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Phototransistor help

Discussion in 'General Electronics Discussion' started by lindenrulz, Jun 23, 2013.

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  1. lindenrulz

    lindenrulz

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    Jun 23, 2013
    I am trying to make a Pinewood derby car race timer using super bright LEDs and phototransistors. I am also using the Arduino Uno to prosses it. I found plans for it online at http://www.miscjunk.org/mj/pg_pdt.html. I am having trouble getting the phototransistor to detect a car passing over it. I ran a modified debug program that tells me what state the transistors are in and it says they detect light but I can't get them to detect darkness, even when I have them totally covered. What would be wrong with it?

    Phototransistor specs:
    Lens: Transparent
    Peak Emission wavelength 940nm
    Collector-Emitter Max Voltage 30V
    Collector-Emitter Saturation V 0.4V
    Rise/Fall Time (5vce/IF 1ma/1K Load) 15us, 15us
    Collector Dark Current (10vce/no IR in) 100nA
    Operating Temperature -20° C to 85° C
    Collector Identification Short Lead
     
    Last edited: Jun 23, 2013
  2. (*steve*)

    (*steve*) ¡sǝpodᴉʇuɐ ǝɥʇ ɹɐǝɥd Moderator

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    Jan 21, 2010
    You most likely have it wired incorrectly.

    You haven't told us how you have it connected, but a typical "beginner" error would be to connect the phototransistor between the pin and Vcc (typically +5V).

    If this is all you've done, what you need to do is to connect a resistor between the pin and ground. Start with 10k and see how you go.

    These pages have examples.
     
  3. lindenrulz

    lindenrulz

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    Jun 23, 2013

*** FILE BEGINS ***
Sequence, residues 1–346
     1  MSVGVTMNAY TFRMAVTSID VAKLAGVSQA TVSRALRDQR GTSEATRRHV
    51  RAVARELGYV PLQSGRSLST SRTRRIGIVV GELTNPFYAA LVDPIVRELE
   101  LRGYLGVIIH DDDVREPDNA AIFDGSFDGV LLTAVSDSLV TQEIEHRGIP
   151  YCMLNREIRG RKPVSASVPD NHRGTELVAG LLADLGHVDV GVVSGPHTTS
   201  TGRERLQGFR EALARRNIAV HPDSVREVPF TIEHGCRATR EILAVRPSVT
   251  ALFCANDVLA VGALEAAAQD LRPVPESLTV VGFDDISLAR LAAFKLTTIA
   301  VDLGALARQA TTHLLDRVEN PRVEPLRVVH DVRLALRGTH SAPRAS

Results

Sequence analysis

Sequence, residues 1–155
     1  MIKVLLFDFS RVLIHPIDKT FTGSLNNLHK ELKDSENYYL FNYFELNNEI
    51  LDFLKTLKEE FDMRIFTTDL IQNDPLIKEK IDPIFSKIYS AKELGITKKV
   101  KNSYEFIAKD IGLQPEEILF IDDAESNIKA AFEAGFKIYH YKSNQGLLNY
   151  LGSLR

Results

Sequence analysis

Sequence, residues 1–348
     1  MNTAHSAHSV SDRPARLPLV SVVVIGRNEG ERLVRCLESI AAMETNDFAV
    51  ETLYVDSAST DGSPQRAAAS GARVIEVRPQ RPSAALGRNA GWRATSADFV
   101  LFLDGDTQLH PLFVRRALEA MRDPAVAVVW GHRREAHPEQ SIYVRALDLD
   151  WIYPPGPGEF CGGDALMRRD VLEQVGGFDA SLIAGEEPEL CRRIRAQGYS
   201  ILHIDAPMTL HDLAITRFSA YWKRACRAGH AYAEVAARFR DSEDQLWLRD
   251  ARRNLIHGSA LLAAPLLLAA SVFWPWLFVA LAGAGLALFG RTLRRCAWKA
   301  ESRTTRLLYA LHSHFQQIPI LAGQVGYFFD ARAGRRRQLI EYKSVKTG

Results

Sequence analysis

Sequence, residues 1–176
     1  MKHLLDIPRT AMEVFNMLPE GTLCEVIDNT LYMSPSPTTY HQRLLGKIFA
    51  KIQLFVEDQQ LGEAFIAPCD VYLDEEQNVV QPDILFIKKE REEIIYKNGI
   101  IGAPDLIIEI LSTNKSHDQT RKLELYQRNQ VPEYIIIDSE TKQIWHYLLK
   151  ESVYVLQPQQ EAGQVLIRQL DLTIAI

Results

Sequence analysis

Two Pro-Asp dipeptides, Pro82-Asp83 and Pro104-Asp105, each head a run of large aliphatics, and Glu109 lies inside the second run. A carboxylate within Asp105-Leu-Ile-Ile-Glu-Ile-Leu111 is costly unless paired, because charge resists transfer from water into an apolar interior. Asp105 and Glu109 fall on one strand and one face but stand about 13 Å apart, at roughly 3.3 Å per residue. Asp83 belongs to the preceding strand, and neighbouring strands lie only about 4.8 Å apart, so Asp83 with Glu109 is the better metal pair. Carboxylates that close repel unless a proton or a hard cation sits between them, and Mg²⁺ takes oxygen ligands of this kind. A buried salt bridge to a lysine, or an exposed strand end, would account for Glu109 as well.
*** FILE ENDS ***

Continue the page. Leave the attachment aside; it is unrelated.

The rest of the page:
Crisis may be averted

    I found out I made a rookie mistake but not the one you are talking about. With the use of a digital camera I was able to determine that I had gotten the emitter and detector mixed up as I had gotten them in a package. I had gotten a Super bright LED as well because I had heard they perform better. So, I have an IR emitter and a Super bright LED facing each other :D :eek:
     
  4. (*steve*)

    (*steve*) ¡sǝpodᴉʇuɐ ǝɥʇ ɹɐǝɥd Moderator

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    Jan 21, 2010
    Surprisingly enough, that could be made to work, however a phototransistor would be a lot more sensitive.
     
  5. lindenrulz

    lindenrulz

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    Jun 23, 2013
    Thanks

    Thanks for your replies. Even though you couldn't tell I had them mixed up I stumbled upon it using your suggestions.
     
  6. (*steve*)

    (*steve*) ¡sǝpodᴉʇuɐ ǝɥʇ ɹɐǝɥd Moderator

    25,411
    2,779
    Jan 21, 2010
    This is where photos and circuit diagrams come in handy.

    The circuit diagrams tell us what you think you're doing and the photos show us what you're actually doing.

    Sometimes there are problems with your ideas, sometimes with the implementation.

    In this case it was the latter. We might have asked "Why hasn't that phototransistor got 3 legs?" (even though some only have 2).

    But yes, a phototransistor can look like a LED -- but it doesn't read like one to a multimeter and it doesn't glow if you pass a current through it. (Unless you pas a really big current through it :D)
     
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